Academic Core project delayed
November 5, 2015
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Ohlone’s Academic Core Project, the reconstruction of the heart of the school, has been delayed by an estimated seven months.
The Academic Core, funded by Ohlone’s 2010 Measure G bond, will cost $130 million.
Before the setback, the construction was expected to be completed by July 2018. Now the center of the campus is expected to be available as soon as Spring 2019 or as late as Summer or Fall 2019.
The delay is indirectly due to the California Supreme Court’s refusal to hear an appeal to an appellate court’s decision in the Davis vs. Fresno Unified School District case. The ruling called into question Fresno’s practice of using a lease-leaseback transaction to build a new elementary school. Ohlone officials had planned to use the lease-leaseback process for the Academic Core construction.
There is now some question as to whether or not a lease-leaseback delivery is a “genuine lease,” according to David Casnocha, Ohlone’s bond counsel.
Many K-12 and community college school districts have used the lease-leaseback delivery for significant construction projects, because it allows cash-strapped schools to select specific consultants and pay them in increments.
Typically, Casnocha said, “public facility contracts should be competitively bid.” Critics say the lease-leaseback practice was an opportunity for school districts to circumvent that.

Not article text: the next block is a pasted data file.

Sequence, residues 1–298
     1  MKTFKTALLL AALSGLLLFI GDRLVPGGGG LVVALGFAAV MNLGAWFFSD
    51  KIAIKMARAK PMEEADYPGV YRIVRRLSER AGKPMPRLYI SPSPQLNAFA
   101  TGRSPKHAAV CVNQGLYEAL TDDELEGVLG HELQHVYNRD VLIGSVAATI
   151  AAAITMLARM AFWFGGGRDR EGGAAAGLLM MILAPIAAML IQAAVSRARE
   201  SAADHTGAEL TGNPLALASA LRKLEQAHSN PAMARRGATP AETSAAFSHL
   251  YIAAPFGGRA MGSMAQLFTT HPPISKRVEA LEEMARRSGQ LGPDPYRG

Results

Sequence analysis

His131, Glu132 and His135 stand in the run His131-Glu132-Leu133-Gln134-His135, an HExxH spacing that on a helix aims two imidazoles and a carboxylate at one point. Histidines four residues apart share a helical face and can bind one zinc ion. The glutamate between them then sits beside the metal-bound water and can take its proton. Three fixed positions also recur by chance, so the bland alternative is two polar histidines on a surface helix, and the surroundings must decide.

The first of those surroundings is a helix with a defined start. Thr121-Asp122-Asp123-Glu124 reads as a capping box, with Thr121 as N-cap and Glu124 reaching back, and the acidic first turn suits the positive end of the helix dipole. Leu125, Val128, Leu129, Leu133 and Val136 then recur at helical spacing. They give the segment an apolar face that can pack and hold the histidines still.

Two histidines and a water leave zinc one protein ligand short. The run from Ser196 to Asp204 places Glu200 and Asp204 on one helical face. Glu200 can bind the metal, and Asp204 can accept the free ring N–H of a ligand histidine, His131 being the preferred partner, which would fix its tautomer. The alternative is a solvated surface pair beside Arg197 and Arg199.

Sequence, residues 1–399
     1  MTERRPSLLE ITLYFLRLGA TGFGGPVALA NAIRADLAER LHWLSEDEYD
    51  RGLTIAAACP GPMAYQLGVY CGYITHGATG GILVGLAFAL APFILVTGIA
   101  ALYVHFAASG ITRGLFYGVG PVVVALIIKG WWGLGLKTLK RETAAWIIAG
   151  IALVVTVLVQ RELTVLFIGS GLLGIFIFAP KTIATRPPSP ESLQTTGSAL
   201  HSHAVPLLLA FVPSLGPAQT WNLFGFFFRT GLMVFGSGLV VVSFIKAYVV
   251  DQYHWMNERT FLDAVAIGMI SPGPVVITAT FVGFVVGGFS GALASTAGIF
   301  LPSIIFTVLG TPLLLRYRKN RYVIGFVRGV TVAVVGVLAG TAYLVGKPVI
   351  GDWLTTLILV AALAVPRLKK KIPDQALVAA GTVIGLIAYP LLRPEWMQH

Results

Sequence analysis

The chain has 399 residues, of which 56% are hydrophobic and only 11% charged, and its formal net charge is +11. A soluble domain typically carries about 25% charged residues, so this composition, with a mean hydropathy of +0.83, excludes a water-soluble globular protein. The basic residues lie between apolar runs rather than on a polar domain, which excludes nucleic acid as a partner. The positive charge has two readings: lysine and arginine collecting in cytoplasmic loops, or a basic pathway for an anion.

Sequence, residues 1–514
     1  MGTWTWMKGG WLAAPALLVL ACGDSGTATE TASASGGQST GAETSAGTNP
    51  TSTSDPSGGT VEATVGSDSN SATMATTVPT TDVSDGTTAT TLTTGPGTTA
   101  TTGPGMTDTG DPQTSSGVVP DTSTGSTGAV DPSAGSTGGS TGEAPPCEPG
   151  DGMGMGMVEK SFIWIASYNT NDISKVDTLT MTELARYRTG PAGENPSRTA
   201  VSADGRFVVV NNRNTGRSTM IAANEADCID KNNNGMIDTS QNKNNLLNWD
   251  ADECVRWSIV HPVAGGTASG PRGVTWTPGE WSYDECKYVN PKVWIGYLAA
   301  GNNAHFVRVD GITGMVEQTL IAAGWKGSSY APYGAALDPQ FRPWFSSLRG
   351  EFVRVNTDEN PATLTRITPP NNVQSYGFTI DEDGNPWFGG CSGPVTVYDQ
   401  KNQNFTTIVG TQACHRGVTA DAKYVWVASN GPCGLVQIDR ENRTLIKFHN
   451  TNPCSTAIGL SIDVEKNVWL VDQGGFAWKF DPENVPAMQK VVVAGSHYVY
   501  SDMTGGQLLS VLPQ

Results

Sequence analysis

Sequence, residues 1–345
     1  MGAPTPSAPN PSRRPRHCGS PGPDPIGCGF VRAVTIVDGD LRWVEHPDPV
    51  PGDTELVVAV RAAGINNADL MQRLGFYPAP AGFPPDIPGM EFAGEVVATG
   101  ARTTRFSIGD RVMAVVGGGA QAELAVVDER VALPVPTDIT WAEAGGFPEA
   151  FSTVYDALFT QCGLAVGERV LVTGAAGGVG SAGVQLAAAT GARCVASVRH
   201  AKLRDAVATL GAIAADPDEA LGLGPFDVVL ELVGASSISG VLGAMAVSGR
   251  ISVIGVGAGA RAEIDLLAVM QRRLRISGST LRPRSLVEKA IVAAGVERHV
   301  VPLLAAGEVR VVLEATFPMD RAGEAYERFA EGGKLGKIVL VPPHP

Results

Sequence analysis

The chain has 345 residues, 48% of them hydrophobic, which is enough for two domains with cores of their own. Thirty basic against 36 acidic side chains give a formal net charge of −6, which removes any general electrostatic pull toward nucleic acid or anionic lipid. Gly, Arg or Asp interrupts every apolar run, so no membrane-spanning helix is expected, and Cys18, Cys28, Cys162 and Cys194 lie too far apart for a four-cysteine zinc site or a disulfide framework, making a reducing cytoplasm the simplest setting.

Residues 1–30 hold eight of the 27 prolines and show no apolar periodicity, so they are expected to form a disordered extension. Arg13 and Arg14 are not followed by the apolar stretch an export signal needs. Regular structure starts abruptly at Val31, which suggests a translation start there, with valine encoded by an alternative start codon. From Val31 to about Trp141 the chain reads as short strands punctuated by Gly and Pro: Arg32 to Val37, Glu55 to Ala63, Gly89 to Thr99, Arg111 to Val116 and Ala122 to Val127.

However, after the recent ruling, that may be changing.
School districts have been advised either to put their lease-leaseback projects on hold or to proceed with a different delivery method.
In September, Casnocha warned the Ohlone Board of Trustees that the Academic Core Project “is a big project to go into a delivery method that has some weakness.” Ohlone has decided to abandon the more efficient lease-leaseback route for the safer, more traditional design/bid/build delivery type. It is expected that leaseleaseback delivery projects will face scrutiny and possible lawsuits after the Davis vs. Fresno Unified School District case. Therefore, Ohlone is putting the Academic Core Project back out to be competitively bid on, and that is the cause for the delay.
In addition to delays, Joel Heyne, project executive with Gilbane Building Company, warned trustees last month that the traditional delivery comes with “certain impacts we were hoping to avoid,” which he broke down into “schedule, cost and quality concerns.”
Neighboring community colleges such as Foothill, De Anza and San José/Evergreen also have abandoned their lease-leaseback programs.